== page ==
Oh my goodness. I'd foegotten about 10 Things. We are still enjoying a lot of these books. I like the look of the Cheese & Tomato Spider.Another of our 'keepers' is 'Guess HOw Much I Love YOu'

furrypig said...

we loved the Gruffalo in our house and I also have kept a few favoutite toys and things from when the children were little!

Jane said...

I see some old favourites of mine there that I've kept for the grandchildren, so many happy memories!

Cheri said...

Even though mine are all young adults now, we still have 2 shelves full of the childhood classic, including Bears in the Night and The Hungry Caterpillar. In fact we have three Eric Carle books and a full shelf of Dr. Suess! And yes, I'm saving for my someday grandchildren.

Mary B said...

Most definitely keeps each and every one.
Wish I had kept some of my childhood books

Alison said...

I love picture books....when we moved to Spain I parted with most of mine, except for Christmas ones..among my favourites were'The Tiger who came to Tea' and. 'Dogger'
Alison xx

Carrie Rosalind said...

So fun! I have a ton of stuff from my childhood, but my books are not one of them and I wish they were. So many good Dr. Seuss books just lost forever!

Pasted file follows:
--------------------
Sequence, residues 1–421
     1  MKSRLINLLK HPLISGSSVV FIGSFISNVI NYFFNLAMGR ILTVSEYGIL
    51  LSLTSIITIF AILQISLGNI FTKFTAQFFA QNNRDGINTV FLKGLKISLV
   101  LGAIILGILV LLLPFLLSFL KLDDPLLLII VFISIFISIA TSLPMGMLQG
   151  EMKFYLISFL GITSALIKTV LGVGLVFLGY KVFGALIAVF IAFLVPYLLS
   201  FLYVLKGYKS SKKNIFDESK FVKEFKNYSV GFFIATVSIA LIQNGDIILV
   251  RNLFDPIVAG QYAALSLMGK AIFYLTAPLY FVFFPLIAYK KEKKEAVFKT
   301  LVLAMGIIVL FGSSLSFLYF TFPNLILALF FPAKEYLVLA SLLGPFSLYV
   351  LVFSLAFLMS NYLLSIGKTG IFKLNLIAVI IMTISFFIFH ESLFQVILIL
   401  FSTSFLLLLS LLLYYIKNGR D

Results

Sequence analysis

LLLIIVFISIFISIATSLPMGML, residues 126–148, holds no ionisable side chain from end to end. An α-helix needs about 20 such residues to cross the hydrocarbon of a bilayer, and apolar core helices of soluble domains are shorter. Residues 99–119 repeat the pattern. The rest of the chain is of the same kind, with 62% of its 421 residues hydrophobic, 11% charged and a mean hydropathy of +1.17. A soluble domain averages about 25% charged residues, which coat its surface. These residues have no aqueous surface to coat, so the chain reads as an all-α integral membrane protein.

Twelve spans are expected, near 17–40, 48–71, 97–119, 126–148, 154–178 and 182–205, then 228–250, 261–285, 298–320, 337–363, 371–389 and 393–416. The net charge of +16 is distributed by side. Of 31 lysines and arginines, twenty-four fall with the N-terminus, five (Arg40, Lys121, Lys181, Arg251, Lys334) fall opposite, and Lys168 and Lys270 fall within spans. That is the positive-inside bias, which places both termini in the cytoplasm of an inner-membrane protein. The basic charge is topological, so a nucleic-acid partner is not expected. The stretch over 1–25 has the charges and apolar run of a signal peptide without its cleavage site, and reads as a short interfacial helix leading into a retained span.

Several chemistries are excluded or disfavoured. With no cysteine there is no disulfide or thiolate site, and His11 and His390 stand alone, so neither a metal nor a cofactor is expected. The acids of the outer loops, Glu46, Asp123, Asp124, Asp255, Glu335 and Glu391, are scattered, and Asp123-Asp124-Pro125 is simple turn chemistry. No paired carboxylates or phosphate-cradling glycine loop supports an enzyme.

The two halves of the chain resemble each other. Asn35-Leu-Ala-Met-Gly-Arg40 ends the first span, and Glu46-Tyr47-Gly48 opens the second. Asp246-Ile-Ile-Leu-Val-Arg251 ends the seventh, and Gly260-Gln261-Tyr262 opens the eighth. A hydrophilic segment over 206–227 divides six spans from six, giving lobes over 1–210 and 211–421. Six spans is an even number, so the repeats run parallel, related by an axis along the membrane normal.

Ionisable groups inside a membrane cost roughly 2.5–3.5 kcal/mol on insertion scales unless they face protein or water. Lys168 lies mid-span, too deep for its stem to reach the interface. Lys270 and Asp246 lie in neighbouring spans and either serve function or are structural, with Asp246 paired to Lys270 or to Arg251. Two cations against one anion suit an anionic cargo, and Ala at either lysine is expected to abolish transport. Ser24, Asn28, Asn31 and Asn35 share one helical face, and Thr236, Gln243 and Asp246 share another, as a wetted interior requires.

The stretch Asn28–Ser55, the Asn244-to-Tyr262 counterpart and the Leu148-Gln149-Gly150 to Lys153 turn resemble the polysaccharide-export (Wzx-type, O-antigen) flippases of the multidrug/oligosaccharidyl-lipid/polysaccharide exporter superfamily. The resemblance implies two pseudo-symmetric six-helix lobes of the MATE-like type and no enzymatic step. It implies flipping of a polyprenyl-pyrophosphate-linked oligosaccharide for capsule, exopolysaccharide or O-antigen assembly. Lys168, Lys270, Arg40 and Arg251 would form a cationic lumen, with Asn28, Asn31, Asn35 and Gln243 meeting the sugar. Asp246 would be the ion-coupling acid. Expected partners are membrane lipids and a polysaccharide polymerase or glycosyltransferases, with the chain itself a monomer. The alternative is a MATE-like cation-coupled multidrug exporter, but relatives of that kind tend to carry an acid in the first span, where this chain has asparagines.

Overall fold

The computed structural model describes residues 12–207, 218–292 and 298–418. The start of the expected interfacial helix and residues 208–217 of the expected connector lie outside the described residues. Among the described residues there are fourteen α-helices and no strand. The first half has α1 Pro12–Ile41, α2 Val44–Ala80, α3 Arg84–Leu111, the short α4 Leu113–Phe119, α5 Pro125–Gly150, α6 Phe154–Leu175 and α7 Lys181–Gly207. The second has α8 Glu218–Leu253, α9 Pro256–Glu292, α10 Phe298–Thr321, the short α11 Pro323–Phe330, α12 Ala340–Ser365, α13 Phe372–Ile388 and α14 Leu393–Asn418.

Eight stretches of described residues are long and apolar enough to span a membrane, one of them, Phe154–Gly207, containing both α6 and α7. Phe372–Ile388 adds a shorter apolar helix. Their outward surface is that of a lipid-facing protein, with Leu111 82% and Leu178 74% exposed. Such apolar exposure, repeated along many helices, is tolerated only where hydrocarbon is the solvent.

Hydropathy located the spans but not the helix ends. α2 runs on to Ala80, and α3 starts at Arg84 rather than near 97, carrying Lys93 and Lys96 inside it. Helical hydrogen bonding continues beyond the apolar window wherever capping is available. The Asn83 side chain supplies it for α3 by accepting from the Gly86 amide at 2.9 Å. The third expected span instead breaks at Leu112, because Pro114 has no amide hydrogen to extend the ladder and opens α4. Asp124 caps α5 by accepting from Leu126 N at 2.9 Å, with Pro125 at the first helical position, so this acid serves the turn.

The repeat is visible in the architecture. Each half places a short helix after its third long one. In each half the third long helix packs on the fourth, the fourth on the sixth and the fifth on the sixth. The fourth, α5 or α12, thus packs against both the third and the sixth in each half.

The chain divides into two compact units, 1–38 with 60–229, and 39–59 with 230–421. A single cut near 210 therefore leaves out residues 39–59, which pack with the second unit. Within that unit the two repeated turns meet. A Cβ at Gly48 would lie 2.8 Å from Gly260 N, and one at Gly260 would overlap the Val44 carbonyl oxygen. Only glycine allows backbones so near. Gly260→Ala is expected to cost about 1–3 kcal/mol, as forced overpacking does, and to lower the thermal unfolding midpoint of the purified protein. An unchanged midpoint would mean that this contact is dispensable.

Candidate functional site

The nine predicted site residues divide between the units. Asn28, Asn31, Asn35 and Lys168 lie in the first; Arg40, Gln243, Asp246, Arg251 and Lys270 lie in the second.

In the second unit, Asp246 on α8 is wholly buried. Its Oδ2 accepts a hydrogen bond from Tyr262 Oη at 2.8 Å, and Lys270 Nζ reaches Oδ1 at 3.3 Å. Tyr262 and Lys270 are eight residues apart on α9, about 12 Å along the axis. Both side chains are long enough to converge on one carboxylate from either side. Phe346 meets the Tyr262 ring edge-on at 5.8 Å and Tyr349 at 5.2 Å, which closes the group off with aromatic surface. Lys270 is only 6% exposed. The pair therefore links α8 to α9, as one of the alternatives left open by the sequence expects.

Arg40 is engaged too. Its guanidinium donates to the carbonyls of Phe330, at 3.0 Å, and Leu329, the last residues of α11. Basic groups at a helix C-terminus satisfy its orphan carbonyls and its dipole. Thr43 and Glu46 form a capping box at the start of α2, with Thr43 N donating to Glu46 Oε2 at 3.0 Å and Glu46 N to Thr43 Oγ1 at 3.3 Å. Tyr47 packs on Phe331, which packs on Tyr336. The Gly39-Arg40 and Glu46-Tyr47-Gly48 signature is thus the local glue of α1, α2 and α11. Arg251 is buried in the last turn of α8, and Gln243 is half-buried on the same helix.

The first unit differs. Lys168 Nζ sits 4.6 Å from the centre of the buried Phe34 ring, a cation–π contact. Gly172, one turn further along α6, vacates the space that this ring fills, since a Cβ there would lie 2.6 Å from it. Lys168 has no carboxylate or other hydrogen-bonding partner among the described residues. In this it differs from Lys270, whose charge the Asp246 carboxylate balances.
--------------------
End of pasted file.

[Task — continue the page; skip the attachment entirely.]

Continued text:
scrappyjacky said...

I've still got nos 2,3,6,7 and 8 as well!!Sadly no.9 fell to pieces with over use!! 'The tiger who came to tea' is another 'keeper' along with 'Rosie's Walk'
All these books are still used in schools today even though some of them were published 40 odd years ago....they just don't date.

Fiona@staring at the sea said...

I recognise most of these titles and 7 and 8 can be found on our book shelf still, although both my children are in their teens now. I've yet to get rid of any childhood books!

Missus Wookie said...

The first time Eliza visited I was grinning as she was ignoring the large box in the living room... she doesn't any more 'open please' :)